North Canterbury farmers make the best of life after earthquake

3:28 pm on 11 April 2017

North Canterbury farmers Bob and Vicki Todhunter lost their 1902 villa in November's 7.8 magnitude earthquake when a fault ruptured beneath it.

It was the centrepiece of the 1100-hectare farm Ngaio Downs, near Clarence, which is also now part of an altered landscape.

They are among the hundreds waiting on insurance assessments and pay-outs, but they have moved ahead under their own steam. They are now living in their shearing quarters, converted into a stylish home, landscaped with the boulders that smashed down the hills behind them.

North Canterbury farmers Bob and Vicki Todhunter lost their 1902 villa in the November 2016 earthquake, when a fault ruptured beneath it.

Bob and Vicki Todhunter said they left their bedroom moments before a large antique wardrobe was picked up and thrown onto the bed in the November 2016 earthquake. The old villa's utility rooms were completely destroyed. Photo: RNZ / Tracy Neal

Mrs Todhunter said they were sad to have lost their home but there was no point rebuilding it for them to live in, as they were heading towards retirement. They planned to pass that baton to the next generation.

"[Our son's family has] got their whole farming life ahead so they'll have the new house and we'll have their cottage which is lovely... but it needs lots doing to it because it's badly damaged too," she said.

In the meantime, they had revamped the farm's shearing shed. It has a large farmhouse kitchen and a modern blue bathroom befitting of any ocean-side home.

"We've actually created a home out of something that probably wasn't liveable and we've turned it into something I'm happy to live in - Bob's perhaps not quite so happy about his new house.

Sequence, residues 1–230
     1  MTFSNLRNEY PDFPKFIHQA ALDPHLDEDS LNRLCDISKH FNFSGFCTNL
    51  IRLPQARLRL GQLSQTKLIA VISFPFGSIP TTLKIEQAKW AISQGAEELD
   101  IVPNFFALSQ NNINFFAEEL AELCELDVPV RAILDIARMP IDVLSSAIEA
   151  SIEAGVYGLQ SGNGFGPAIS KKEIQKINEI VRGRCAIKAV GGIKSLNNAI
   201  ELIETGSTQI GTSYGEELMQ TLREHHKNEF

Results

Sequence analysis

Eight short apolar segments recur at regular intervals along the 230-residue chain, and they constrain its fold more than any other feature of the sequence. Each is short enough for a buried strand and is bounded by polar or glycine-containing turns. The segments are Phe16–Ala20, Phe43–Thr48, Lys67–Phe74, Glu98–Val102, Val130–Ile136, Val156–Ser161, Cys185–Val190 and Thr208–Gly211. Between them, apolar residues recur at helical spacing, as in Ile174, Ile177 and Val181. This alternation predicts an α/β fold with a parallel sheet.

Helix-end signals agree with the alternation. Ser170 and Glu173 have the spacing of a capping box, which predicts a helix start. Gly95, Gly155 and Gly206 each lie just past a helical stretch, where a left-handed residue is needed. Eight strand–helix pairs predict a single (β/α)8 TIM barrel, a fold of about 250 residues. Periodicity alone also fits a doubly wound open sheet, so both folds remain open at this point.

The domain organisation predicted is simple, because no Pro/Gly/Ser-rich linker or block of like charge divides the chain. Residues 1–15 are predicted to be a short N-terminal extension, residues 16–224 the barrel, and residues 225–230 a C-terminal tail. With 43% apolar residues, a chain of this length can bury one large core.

"We've left the old doors and we've left a few of the old features, so yeah, it's cool."

Vicki and Bob Todhunter outside the shearing shed they've made into a new home after the November 2016 earthquake.

Bob and Vicki Todhunter outside the shearing shed they've made into a new home. Photo: RNZ / Tracy Neal

Mrs Todhunter said they had trouble getting builders and supplies, and had rented a nearby cottage until they were able to move into the reworked shed early this month.

The daily demands of farming had not stopped, and they were lucky to have the support of family, they said. Their son, who now ran the farm, was handling the burden of insurance, repairs and paperwork.

Mr Todhunter said volunteers had pitched in and the government had made funds available to fix things that could not be insured, like fences.

But there was one problem they could do without - a debt collector was chasing them for $70 on a newspaper subscription they cancelled when the highway closed and delivery stopped.

"Vicki cancelled the [Christchurch] Press at the end of January because it wasn't getting delivered. I tried to ring them to explain we'd had an earthquake but it's very hard to get through to them."

The Todhunters hoped to be able to salvage some of the wood from the villa to be used in the rebuild on the property.

North Canterbury farmers Bob and Vicki Todhunter lost their 1902 villa in the November 2016 earthquake, when a fault ruptured beneath it.

The old villa was severely damaged in the November earthquake. Photo: RNZ / Tracy Neal

Boulders used to landscape the exterior of the Todhunters' new home, which was once the shearing quarters.

Boulders dislodged in the earthquake have been used for landscaping around the converted shearing shed. Photo: RNZ / Tracy Neal

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